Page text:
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[OPINION] Spying is back

And so it is back to spying on schools for the military, and it appears that it's UP and PUP that are the primary targets of its intelligence gathering.

As expected the military immediately went into full conspiratorial theory mode, warning that communists operating in the schools, but most especially the two state universities, have been plotting in the school cafeterias on how to overthrow the faltering regime of the Mayor.

"Red October" is good-to-go accordingly since the pulas have convinced the dilawan to join the plot, with firepower provided by the NPA and pro-Trillanes chicken-hawks inside the military.

Will they succeed?

We all know that this bugbear of a revolutionary project is pure hogwash. The communists have always been on campus (they go by the sobriquet "national democrats"), and they have become a normal campus sight – loud, militant, and tiny.

It is their occasional control of the student paper that gives the impression of widespread radical protests on campus, but in truth, all this has been hot air. Unless it is issues that affect students directly, left-wing protests in academia have been, at best, elfin. At UP, the Alpha Phi Omega fraternity annual "see-how-small-my-plonker-is" Run attracts more students than communists waving red flags and expressing their love for Joseph Stalin.

UP campus dwellers love their militants as they hold dear their acacia trees. The bromance has even reached a point where the community has adopted radical rituals as their own. Look at how the taas-kamao, once a communist trademark, is now a university ritual. Even basketball players raise their fists, not in protests, but to display "UP Pride!!"

So, as expected, is a lot of mischievous laughter at Diliman every time the Police Director Oscar David Albayalde expressed worry over campus communists prepping up for "Red October."

A friend who watched Albayalde's cantankerousness reminded that he is not an original. His predecessors also warned UP officials of communist plots by teenagers, bragging of the accuracy of their "intel." Unfortunately, their spies were not top-notch, and the reports they sent back were often based on inane observations.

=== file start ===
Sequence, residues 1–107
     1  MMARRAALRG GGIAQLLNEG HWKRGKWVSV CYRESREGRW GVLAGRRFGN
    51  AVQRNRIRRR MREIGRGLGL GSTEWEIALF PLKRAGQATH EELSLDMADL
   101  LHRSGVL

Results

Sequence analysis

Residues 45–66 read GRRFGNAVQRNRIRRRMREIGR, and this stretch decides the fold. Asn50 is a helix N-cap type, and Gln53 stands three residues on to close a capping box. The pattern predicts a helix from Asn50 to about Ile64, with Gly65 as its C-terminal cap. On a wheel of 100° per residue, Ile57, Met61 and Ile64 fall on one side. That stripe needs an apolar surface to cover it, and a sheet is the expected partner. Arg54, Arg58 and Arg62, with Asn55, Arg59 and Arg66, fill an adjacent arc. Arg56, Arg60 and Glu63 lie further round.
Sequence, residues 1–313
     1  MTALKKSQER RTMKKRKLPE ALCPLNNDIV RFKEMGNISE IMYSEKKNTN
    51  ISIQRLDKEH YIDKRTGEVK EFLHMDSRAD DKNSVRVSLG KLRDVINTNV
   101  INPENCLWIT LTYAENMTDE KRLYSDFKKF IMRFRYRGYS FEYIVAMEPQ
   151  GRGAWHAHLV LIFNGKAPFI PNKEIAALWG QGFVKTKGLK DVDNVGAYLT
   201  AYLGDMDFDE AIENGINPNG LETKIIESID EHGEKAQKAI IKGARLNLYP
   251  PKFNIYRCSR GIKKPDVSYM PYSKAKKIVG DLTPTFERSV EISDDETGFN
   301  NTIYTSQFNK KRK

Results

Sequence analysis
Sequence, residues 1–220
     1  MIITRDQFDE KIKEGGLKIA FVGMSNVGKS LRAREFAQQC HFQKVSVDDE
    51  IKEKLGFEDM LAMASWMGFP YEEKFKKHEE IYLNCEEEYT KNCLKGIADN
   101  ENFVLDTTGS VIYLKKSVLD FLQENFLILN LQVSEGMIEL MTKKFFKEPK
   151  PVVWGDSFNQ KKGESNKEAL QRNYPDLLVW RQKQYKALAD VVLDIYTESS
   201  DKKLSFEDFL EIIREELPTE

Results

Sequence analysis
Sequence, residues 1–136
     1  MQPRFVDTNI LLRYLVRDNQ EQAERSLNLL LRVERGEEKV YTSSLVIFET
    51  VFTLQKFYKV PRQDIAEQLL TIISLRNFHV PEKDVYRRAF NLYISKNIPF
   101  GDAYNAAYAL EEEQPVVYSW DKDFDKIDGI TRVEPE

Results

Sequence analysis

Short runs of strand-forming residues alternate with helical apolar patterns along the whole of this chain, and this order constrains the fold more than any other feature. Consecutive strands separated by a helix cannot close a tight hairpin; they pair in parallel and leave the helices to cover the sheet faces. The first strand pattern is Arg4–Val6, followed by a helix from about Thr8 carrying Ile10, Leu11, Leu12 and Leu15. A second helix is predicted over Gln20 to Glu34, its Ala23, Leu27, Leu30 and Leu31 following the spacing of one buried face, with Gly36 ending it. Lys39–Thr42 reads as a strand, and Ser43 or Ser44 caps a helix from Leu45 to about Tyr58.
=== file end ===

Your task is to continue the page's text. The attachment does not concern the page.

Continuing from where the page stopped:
Like their current legatees, the older infiltrators were equally hilarious. For example, about 6 months after Marcos declared Martial Law, the military confiscated a manifesto with the word "revolution." This was immediately reported to Crame as the work of a "communist cell."

It turned out that the "subversive" group was the Campus Crusade for Christ, the forebear of the likes of the Appointed Son of God from Davao, Pastor Quiboloy. Activists chuckled at this faux pas, and would have doubled up in laughter had they known that these spies' bosses hardly gave a hoot to reports of campus communism. For in truth, the likes of Defense Secretary Juan Ponce Enrile and his generals worried more about fraternity rumbles than communist "silent marches" on campus.

Just how bad military intelligence was back then?

Consider this: in their first ever public protest in December 1974, activists shocked the military which did not expect protests to return that fast on campus. Three years later, UP radicals once again caught the military with its pants down when they staged the first ever large-scale protests since the declaration of martial law. The issue was over the arbitrary decision by UP authorities to raise tuition fees. So dumbfounded was the Diktador that he ordered a rollback. The military was spooked and started arresting student leaders. By then it was too late to stop the resurgence of student protests.

The long and short of it is that military poking about in campus was always never efficacious. The spies in academia – many of them rookies sent to hone their skills of observation – were just bad. This is not to say that AFP intelligence was not that good. The late Army Colonel Rodolfo Aguinaldo and Police General Rodolfo "Boogie" Mendoza were exceptional communist hunters, but they also knew the left-wing organizing in schools were minor league. Spying there was left to the amateurs.

But that is not the case anymore today. The likes of Aguinaldo and Mendoza are gone, and military intelligence even in war zones is pitiful (just look at what happened in Marawi). In the time of the amateur, every tale from the underground, even in petite arenas like the schools, where, unlike the 1970s, communist presence has become negligible – becomes big news. –

Patricio N. Abinales writes for Rappler.